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    07-04-2013, 06:13 AM
  #5
Banned
The greenie is 5 and a restarted OTTB. 15.3 hands and built more warmblood like. Hes cheaper but they're being very picky about the new home. 16 starts and 100% sound. Just not fast enough (1 first and has otherwise never placed). He has the biggest kindest eye Ive seen on a horse in a long time and even if not perfectly conformed is more than suitable for where I want to take him now.
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    07-04-2013, 06:55 AM
  #6
Yearling
If the TB is sane I would look to him first prior to the older horses since you have the riding ability to handle him. A strong word of caution. While TBreds may retire "sound," they can have hidden issues. My recommendation is to get a full set of x-rays. My OTTB was also sound, passed the PPE with flying colors and then after an exam for a mild lameness issue a few months later, found out he had navicular changes and that at some point the navicular bone had actually been chipped..old injury. Also get a blood panel and check for any sedating influences or pain meds...a recent PPE for a horse a friend of mine was looking at, where she always got a blood panel, showed Ace and Bute in the horse's system on a horse advertised as dead quiet and 100% sound; subsequent x-rays insisted upon by the owner who screamed bloody murder that the horse was sound and not drugged showed arthritis and navicular.
     
    07-04-2013, 07:15 AM
  #7
Banned
He seems very sane and level headed on the ground without being a deadhead. In all his photos hes alert and paying attention to his handler. Im actually kind of glad you said that because I think Im really going to regret it if I let this boy slip by, but I keep talking myself out it. Then he draws me back. There's something about him that reminds me about my first horse. I might have to make that call and get him PPE-ed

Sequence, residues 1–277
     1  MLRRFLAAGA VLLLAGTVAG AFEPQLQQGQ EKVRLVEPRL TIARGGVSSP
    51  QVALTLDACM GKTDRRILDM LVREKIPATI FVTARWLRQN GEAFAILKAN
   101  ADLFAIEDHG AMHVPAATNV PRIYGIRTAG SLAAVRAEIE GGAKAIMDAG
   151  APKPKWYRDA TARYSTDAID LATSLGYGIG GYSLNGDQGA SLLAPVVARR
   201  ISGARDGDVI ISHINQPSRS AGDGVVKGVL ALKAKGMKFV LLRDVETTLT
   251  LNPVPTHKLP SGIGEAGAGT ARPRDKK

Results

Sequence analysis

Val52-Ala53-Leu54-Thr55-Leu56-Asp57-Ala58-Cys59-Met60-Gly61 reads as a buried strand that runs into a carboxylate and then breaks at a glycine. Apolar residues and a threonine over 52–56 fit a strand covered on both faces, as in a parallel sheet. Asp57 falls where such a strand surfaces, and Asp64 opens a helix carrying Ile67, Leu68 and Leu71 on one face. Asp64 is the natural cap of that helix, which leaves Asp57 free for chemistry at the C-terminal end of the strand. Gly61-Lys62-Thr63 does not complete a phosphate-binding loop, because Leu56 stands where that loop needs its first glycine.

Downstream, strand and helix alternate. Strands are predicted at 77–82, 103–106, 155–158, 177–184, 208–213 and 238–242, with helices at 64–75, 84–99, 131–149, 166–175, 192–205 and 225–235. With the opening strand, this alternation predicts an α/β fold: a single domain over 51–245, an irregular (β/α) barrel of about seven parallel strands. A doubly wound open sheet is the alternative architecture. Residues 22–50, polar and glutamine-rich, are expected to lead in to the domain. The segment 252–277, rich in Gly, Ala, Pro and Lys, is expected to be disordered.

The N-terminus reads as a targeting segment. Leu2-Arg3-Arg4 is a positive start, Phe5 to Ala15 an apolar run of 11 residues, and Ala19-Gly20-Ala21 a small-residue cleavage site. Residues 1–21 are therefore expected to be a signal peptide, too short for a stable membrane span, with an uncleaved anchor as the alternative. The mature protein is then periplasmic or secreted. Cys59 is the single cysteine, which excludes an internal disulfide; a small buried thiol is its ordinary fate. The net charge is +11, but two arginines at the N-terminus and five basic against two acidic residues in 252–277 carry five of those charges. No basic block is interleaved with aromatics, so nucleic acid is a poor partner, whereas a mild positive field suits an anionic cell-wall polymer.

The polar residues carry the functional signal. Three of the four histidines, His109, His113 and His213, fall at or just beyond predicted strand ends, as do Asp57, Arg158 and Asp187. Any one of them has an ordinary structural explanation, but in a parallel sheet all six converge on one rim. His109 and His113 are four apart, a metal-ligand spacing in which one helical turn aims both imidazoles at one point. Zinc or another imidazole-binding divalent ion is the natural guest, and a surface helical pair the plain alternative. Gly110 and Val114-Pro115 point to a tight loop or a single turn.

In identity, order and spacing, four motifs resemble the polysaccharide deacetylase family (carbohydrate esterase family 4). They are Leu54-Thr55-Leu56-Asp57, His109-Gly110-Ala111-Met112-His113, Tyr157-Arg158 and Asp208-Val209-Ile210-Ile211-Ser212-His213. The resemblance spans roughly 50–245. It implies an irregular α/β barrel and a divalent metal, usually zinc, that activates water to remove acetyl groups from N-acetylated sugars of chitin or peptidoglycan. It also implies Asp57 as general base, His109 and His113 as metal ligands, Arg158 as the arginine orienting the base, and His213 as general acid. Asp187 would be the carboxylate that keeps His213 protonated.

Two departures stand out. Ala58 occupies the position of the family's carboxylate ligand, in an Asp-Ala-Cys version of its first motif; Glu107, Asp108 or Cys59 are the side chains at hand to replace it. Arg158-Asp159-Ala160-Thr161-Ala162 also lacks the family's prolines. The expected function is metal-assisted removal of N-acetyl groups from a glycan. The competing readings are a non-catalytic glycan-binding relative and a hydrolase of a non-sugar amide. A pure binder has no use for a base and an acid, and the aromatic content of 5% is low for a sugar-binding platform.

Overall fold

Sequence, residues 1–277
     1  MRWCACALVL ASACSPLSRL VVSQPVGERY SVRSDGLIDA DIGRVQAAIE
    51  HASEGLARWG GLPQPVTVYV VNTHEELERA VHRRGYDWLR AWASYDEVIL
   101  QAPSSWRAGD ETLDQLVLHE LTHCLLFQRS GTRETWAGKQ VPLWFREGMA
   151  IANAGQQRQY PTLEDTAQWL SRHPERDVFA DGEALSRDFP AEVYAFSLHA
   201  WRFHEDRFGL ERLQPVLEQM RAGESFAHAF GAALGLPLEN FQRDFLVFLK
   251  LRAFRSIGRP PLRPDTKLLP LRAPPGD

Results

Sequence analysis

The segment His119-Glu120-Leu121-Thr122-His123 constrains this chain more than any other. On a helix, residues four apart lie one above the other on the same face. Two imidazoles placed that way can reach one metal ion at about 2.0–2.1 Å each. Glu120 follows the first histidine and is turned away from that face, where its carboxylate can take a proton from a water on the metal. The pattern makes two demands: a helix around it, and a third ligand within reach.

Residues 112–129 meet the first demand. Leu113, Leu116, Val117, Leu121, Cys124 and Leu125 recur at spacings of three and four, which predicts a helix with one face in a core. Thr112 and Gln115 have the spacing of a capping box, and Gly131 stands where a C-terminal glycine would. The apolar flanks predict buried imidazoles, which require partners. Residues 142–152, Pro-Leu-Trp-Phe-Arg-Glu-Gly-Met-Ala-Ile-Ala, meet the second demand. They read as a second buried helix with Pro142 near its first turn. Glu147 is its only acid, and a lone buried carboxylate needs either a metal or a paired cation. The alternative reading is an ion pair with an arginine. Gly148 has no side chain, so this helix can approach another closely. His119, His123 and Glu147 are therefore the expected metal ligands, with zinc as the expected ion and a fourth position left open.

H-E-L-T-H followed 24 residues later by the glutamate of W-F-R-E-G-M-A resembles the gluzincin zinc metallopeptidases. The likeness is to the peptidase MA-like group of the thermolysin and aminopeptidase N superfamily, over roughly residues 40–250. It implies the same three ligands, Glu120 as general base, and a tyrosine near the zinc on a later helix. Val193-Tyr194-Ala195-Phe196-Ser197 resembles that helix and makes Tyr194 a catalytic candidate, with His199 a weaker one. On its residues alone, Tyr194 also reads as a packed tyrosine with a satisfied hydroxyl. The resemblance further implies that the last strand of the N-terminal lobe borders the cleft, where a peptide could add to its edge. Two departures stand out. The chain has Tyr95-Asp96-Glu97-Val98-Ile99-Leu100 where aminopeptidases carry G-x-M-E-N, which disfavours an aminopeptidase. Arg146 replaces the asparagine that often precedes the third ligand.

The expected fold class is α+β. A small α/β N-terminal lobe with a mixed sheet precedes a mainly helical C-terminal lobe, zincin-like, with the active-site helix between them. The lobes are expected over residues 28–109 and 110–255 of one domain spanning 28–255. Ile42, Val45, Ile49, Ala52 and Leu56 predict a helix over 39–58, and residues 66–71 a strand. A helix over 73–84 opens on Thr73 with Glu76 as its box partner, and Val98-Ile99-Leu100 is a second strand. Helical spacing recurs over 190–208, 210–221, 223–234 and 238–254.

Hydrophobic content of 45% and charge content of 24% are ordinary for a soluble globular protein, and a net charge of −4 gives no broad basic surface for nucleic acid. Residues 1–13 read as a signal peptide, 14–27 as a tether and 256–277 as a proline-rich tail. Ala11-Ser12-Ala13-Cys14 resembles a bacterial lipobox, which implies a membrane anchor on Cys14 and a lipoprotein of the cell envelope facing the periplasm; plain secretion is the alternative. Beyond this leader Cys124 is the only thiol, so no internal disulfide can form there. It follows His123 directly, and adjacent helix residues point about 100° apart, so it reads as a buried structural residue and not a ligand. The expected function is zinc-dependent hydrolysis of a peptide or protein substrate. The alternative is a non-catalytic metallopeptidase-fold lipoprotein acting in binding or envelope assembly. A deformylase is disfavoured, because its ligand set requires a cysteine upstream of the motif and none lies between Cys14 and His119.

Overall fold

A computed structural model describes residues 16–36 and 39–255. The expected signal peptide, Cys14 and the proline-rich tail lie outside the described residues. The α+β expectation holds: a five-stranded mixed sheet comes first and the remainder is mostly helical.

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    07-04-2013, 08:18 AM
  #8
Started
You looked him in the eye and got hooked I see!
     
    07-10-2013, 12:25 PM
  #9
Weanling
W4e need more information to make a decision
Dressage horses (18-20 yo) -
What Level are they trained to?
What level were they shown at? What were their scores?
Were these shows USDF/USAE shows or local shows? (Note local (aka schooling) show scores are USUALLY better than the offical (USDF/USAE) shows.
How long ago were they shown?
Are they still being ridden regularly?

If not being ridden regularly at that age you'll encounter issues trying to bring them back into shape. Also - although they are trained their age will probably limit the level they are likely to attain (the older they are the harder it is to carry weight on their butts - which is what you need to do well at second level and above).

OK - just noticed you want to event - so do NOT buy 20 year old horses for eventing.
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    07-10-2013, 02:32 PM
  #10
Started
Older horses are great for learning, but not if you want to move up, and they are already pretty much topped out where they are now. If you really want to eventually start doing eventing, I wouldn't get the older guys as nice as they may be, and as good at dressage as they may be, because you won't be able to get far at all in eventing. That being said, I did do no higher than 2'3" at the highest with my dads 35 year old gelding, and he was perfectly fine. He sucked at dressage though lol. So an older horse can potentially do low stuff, but is it worth it if you really want to move up, personally not in my mind. You sound like you've got the knowledge and experience plus the complete willingness to get a trainer, and have in fact looked for a trainer, so I'd got with the TB, or some other similar horse. Definitely do a full PPE though, just to make sure you catch any hidden problems. Good luck! And pictures, we wanna see pictures of the TB!